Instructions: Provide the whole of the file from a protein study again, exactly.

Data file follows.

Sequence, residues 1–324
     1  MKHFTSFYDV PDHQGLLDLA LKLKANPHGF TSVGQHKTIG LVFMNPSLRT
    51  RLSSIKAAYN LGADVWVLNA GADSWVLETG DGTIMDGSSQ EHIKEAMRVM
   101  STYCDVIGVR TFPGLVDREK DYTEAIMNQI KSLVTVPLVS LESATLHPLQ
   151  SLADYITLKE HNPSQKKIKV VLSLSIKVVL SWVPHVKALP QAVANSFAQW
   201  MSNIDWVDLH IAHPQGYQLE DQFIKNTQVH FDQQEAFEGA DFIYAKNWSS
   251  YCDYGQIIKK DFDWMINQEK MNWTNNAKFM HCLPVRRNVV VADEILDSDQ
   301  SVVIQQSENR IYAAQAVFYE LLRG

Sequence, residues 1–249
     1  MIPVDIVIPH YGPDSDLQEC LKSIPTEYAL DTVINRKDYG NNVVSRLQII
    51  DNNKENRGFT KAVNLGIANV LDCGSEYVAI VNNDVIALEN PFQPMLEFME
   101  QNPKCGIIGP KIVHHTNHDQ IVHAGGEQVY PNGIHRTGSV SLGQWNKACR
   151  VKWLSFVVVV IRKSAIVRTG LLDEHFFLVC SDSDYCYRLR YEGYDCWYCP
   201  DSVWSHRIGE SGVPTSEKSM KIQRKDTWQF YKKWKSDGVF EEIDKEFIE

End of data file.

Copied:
Sequence, residues 1–324
     1  MKHFTSFYDV PDHQGLLDLA LKLKANPHGF TSVGQHKTIG LVFMNPSLRT
    51  RLSSIKAAYN LGADVWVLNA GADSWVLETG DGTIMDGSSQ EHIKEAMRVM
   101  STYCDVIGVR TFPGLVDREK DYTEAIMNQI KSLVTVPLVS LESATLHPLQ
   151  SLADYITLKE HNPSQKKIKV VLSLSIKVVL SWVPHVKALP QAVANSFAQW
   201  MSNIDWVDLH IAHPQGYQLE DQFIKNTQVH FDQQEAFEGA DFIYAKNWSS
   251  YCDYGQIIKK DFDWMINQEK MNWTNNAKFM HCLPVRRNVV VADEILDSDQ
   301  SVVIQQSENR IYAAQAVFYE LLRG

Sequence, residues 1–249
     1  MIPVDIVIPH YGPDSDLQEC LKSIPTEYAL DTVINRKDYG NNVVSRLQII
    51  DNNKENRGFT KAVNLGIANV LDCGSEYVAI VNNDVIALEN PFQPMLEFME
   101  QNPKCGIIGP KIVHHTNHDQ IVHAGGEQVY PNGIHRTGSV SLGQWNKACR
   151  VKWLSFVVVV IRKSAIVRTG LLDEHFFLVC SDSDYCYRLR YEGYDCWYCP
   201  DSVWSHRIGE SGVPTSEKSM KIQRKDTWQF YKKWKSDGVF EEIDKEFIE